Christmas is almost upon us! Santa and his Elves must be working tirelessly to wrap up their preparations for the oncoming holiday.
However, as Christmas Day rapidly approaches, the audiology community would like to raise a point of concern with Santa (it’s well known that Santa is an active member of the blogosphere, so we felt this was probably the best way to reach him.) Our concern is with the sound output of some toys, and its potentially dangerous effect on the hearing of children who play with them.
To help you understand, Santa, I’ll give you some background information: Health Canada, under the Hazardous Product Act, has banned the production of toys that emit sound louder than 100 dB. While it’s good there is some legislation in place to mitigate this issue, the current regulation is actually too relaxed. 100 dB is too loud, and with extended exposure sound at that volume could potentially harm hearing. The Canadian Center for Occupational Health and Safety uses the standard of 8 hours’ exposure to sound at a volume of 85 dB as the lower daily limit of what is considered safe. Every addition of 3 dB beyond 85 dB then halves the amount of time one can be safely exposed to the noise. Using that formula, a child will start damaging their hearing after 15 minutes of exposure to a toy emitting sound at 100 dB.
To make matters worse, the sound level measurements of toys are generally recorded at “arm’s length”, roughly 25 cm away from the toy. In play, children will often bring a toy significantly closer to their ears than 25 cm (the younger ones often trying to determine if the toy is edible). Although this isn’t a considerable distance, bringing a sound source even 25 cm closer to an ear will actually substantially increase its volume. This means that even less exposure could be damaging. According to the Canadian Association of Speech-Language Pathologists and Audiologists, there have been toys that passed the regulations set by the Hazardous Product Act that have actually been recorded at over 120 dB when measured at very close range. At that volume, it takes only seconds of exposure before hearing starts becoming damaged.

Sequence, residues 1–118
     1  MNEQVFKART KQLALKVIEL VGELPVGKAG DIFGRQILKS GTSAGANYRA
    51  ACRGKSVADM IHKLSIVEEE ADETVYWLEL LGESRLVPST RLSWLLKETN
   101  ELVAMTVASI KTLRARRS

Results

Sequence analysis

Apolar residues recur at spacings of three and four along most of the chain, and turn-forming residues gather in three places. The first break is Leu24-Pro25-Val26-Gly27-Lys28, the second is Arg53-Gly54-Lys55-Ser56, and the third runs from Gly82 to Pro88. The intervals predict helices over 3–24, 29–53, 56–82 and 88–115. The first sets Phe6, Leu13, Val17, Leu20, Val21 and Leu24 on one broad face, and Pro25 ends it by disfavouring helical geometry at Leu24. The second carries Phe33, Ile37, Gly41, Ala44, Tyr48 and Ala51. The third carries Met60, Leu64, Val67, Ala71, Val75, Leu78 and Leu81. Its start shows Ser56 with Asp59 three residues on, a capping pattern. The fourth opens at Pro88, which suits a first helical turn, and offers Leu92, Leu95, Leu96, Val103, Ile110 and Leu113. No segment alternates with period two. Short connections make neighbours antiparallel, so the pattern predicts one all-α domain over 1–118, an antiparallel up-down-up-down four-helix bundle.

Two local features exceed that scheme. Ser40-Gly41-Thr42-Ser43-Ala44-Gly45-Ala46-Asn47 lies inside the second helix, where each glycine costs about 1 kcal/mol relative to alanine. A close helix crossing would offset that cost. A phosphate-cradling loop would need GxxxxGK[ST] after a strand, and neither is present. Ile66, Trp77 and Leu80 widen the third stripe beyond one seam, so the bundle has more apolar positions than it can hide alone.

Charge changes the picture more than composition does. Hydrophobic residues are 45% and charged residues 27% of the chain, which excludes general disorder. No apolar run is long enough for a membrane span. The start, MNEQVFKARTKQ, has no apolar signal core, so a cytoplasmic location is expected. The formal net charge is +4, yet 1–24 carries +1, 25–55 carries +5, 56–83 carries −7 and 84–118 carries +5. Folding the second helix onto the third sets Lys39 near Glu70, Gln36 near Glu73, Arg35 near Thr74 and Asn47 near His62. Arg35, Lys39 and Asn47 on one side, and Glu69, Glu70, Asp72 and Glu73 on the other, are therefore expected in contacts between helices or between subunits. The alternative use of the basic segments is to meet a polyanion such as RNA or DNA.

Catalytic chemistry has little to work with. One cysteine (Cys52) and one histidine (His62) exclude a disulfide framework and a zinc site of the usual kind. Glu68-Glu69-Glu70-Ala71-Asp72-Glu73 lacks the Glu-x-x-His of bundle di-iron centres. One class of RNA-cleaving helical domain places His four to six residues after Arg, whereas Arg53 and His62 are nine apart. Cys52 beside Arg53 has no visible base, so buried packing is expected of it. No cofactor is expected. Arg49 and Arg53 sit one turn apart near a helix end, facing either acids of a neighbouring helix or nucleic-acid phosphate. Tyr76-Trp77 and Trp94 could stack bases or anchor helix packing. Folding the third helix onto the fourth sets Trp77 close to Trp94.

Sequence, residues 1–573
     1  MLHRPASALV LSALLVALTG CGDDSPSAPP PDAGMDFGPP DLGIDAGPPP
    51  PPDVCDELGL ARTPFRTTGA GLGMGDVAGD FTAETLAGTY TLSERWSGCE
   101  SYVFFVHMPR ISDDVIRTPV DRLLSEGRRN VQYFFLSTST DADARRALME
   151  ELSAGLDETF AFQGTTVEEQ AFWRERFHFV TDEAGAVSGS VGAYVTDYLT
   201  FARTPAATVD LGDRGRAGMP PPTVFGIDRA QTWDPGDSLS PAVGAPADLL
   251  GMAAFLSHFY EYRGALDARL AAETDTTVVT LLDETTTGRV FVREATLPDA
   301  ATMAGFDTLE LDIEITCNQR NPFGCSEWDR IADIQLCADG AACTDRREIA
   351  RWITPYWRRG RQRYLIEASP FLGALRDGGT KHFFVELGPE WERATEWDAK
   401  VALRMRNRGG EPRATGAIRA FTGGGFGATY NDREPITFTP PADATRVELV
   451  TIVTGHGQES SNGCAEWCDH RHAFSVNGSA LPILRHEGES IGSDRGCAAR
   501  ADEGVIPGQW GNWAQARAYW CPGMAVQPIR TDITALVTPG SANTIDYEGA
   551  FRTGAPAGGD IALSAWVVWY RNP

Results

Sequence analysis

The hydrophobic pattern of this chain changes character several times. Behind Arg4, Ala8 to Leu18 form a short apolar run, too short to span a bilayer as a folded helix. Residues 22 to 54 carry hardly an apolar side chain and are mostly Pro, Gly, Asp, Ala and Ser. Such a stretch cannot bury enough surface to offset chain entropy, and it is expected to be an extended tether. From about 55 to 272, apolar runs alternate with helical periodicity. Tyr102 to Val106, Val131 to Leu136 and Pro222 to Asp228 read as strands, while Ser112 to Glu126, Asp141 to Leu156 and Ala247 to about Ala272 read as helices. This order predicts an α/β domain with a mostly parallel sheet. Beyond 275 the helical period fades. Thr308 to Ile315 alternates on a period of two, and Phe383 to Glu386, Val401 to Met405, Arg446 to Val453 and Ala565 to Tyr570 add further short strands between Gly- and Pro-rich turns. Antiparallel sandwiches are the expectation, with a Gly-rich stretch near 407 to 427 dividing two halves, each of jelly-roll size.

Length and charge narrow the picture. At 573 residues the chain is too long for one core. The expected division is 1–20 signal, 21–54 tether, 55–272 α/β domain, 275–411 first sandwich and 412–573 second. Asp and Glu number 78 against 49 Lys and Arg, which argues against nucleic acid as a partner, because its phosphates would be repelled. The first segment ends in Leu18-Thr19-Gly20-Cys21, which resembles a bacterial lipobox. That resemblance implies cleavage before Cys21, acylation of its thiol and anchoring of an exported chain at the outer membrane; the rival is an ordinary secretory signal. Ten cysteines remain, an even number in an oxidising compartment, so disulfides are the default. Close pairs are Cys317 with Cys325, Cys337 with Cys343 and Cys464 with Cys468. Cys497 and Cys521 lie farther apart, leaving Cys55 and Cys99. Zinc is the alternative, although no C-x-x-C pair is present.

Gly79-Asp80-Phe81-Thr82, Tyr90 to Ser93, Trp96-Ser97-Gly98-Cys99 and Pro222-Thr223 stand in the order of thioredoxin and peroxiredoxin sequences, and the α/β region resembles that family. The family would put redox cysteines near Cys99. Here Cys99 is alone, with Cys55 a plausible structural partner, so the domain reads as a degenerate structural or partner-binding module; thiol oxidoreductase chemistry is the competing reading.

So, Santa, when choosing how to construct your toys there are a few ways to ensure they won’t be too loud for a young person’s ears. Not constructing toys that emit loud sounds is an excellent place to start. Silent toys are just as much fun as noisy toys (or so I seem to recall from my childhood – remember when Etch A Sketch was a thing? Those were fun. I always found diagonal lines a bit of a crapshoot though…). Constructing toys with a volume control, or the option to turn the sound off, is also helpful as it allows parents to have some control over the sound output of the toy. If you are making a toy without any volume control, and you are concerned about it being too loud, you can always test it yourself. Bring the toy right up to your ear to properly get a sense as to how loud it can be. Rule of thumb: if you are even mildly worried it might be too loud, don’t put in on the sleigh!
If there are toys you have already delivered to children that you are now worried may be too loud, do not fret, Santa, as there are some tricks parents can use to make sure the toys won’t be harmful. An easy way to reduce the sound output of a toy is to put a strip of masking tape over the speaker; this will lower the volume. Reducing playtime with these toys and encouraging children to not bring the toy too close to their ears are other ways to help reduce the chances of hearing damage. The latter is a great option as it helps teach kids about maintaining hearing health. Noise induced hearing loss is something that is accumulated throughout a person’s life. It’s never too early to be conscious of your, or a child’s, hearing. Protecting young ears will help ensure good hearing into later adulthood.
So there you have it, Santa. If you could pass this information to your Elves that would be appreciated. In fact, I would even be willing to come to the North Pole and do a talk at your toy factory. My travel and accommodation expenses will of course have to be covered.
Also, one last thing, Santa. I never got confirmation that you received any of my emails. Just in case you didn’t, I think we can both agree I’ve been pretty good this year and therefore I would like a Kobo eReader for Christmas. Thank you for your attention to this matter.